As can be seen Grike was in cloud and with nothing to see we didn't linger but continued on to our next Wainwright, Crag Fell. As we descended Grike and as we reached the old radio mast the cloud was really dropping low.

ImageA cloud covered Great Borne and Starling Dodd

Just past the old mast we started to climb the easy slopes of Crag Fell.

ImageCrag Fell

A look back revealed the still cloud covered top of Grike.

ImageA look back at Grike

Again the climbing to the summit of this next Wainwright is easy but once again there was nothing to see due to the clag so after a couple or so photos of the local talent…

ImageA miserable Crag Fell summit

ImageLost views from Crag Fell summit

ImageA grim looking pair on Crag Fell

we started our next descent by leaving down the south ridge passing and through another area of cleared pine forest towards the area of Black Pots where we decided to have a break sheltered by the wall. It was a lot clearer on the south side of Crag Fell but the cloud was still hovering over Boat How and Whoap, Whoap being one of the Birkett's that Chris is going for today.

ImageWhoap and Boat How from Crag Fell

ImageBoat How

As we walked through the old cleared pine plantation we could see part way along Ennerdale with the High Stile Range north of the valley and the heights of the Pillar group to the south, a very fine view indeed that would have been more so if we had had clear weather conditions.

ImageThe High Stile Range across Ennerdale

Due to the wind blowing from the west we had to scale the old wire fence to allow us some shelter from it from behind the wall as we had a short refuel break. It had got quite cold by now and before setting out once again we complimented our wet weather attire by putting on our gloves, in June for goodness sake.

Once back on the right side of the wall we followed it uphill climbing the easy slopes until we reached the corner where the wall turns off to the southeast…

ImageLooking back to Crag Fell

ImageCrag Fell and Grike

from where we ourselves now made our way roughly south climbing the pathless fellside…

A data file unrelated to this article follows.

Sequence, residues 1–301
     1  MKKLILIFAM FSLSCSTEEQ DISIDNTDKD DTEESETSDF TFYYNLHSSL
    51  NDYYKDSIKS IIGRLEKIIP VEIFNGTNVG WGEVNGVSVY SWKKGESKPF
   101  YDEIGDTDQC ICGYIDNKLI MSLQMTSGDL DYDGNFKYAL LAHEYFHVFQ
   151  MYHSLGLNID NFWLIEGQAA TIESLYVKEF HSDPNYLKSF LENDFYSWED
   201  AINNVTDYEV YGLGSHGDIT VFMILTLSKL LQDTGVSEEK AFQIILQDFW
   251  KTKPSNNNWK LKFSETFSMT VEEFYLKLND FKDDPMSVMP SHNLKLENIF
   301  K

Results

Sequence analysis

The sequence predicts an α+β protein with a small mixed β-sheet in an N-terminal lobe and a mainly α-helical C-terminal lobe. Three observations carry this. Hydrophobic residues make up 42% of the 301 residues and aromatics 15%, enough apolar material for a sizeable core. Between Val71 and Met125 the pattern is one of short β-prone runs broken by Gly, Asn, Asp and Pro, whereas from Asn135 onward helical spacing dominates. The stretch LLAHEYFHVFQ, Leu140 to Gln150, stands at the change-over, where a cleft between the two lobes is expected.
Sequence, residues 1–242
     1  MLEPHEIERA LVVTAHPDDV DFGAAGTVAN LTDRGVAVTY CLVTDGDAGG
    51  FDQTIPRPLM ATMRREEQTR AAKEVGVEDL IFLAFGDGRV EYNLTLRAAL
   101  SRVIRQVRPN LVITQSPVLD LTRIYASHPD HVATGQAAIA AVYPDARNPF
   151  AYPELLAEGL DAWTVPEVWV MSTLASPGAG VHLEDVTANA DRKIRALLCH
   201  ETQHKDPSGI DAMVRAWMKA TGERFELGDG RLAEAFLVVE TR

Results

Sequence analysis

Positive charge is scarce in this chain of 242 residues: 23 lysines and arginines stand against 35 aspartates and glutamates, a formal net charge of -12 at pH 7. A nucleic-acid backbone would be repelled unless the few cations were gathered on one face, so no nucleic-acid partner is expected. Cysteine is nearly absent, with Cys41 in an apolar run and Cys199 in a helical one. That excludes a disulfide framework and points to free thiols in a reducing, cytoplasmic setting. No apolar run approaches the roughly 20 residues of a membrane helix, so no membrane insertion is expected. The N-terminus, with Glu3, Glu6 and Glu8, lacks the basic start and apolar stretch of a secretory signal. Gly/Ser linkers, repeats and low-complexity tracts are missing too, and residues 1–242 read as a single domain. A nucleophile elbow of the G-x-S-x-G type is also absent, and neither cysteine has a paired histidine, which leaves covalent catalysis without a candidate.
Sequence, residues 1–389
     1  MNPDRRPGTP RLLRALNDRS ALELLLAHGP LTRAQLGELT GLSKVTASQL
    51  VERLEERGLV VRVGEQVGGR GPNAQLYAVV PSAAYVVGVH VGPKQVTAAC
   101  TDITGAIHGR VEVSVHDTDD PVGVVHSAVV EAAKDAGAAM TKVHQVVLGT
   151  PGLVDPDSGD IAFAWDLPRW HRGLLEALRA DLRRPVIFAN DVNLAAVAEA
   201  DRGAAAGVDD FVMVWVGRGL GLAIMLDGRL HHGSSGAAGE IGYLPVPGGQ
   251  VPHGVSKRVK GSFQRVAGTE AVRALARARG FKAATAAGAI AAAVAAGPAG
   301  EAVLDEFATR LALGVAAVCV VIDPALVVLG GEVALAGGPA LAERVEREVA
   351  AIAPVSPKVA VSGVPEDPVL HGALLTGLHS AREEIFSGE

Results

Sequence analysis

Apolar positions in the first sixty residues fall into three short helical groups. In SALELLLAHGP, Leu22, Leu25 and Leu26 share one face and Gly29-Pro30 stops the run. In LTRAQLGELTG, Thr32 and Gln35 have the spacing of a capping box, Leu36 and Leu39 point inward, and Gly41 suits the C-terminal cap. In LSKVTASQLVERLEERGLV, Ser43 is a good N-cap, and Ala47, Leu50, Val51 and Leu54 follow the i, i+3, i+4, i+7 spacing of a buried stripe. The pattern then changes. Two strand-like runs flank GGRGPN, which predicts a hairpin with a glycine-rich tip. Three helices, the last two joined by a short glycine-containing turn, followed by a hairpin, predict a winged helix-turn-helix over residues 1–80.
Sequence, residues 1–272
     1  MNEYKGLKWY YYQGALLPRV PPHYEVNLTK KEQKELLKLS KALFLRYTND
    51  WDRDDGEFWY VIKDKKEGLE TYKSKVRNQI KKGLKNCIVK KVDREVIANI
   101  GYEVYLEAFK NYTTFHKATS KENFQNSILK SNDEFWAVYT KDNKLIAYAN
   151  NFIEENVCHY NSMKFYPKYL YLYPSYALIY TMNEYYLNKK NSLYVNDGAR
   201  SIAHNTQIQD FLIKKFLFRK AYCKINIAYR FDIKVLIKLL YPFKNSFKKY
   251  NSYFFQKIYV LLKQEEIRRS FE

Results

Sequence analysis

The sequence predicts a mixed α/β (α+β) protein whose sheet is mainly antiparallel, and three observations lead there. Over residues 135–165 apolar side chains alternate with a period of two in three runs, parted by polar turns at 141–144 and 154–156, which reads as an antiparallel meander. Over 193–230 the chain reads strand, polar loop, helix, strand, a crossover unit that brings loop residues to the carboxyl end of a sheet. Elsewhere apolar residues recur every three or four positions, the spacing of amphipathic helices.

ImageClimbing the slopes of Whoap

until we arrived at the path that runs over the bare grassy summit and on to Lank Rigg. There is no cairn on this large rounded grassy summit but suffice to say that the path does run more or less over the highest point although Chris and I did do a bit of a wander to cover all the local high points. A good wide track led us down to Red Gill…

ImageDescending Whoap to Red Gill

with the green mass of Lank Rigg daring us to climb its steep slopes to its cloud covered summit and Caw Fell to the left was all but fully clothed in the stuff.

ImageThe view west from Whoap

ImageCaw Fell and Iron Crag

Nearing Red Gill we had a good view along Whoap Beck and back towards Blakeley Raise and Grike.

ImageWest along Whoap Beck

Having reached Red Gill we stopped to gird our loins before tackling the climb up to the summit, a climb that is done on a good path but is not one to rush at unless as fit as a flea which is what I think that Chris was thinking as he took off like a man possessed with a cheery "I'll see you at the top" but, as time goes on all will change as his legs, after this sterling effort of trying to remember his youth will kick back on him with a vengeance. Ha!

He reached the summit in good time and when I arrived a few minutes later his trusty hound was sniffing out the Wainwright money cache that on investigation was found to be now reduced to just a few coppers.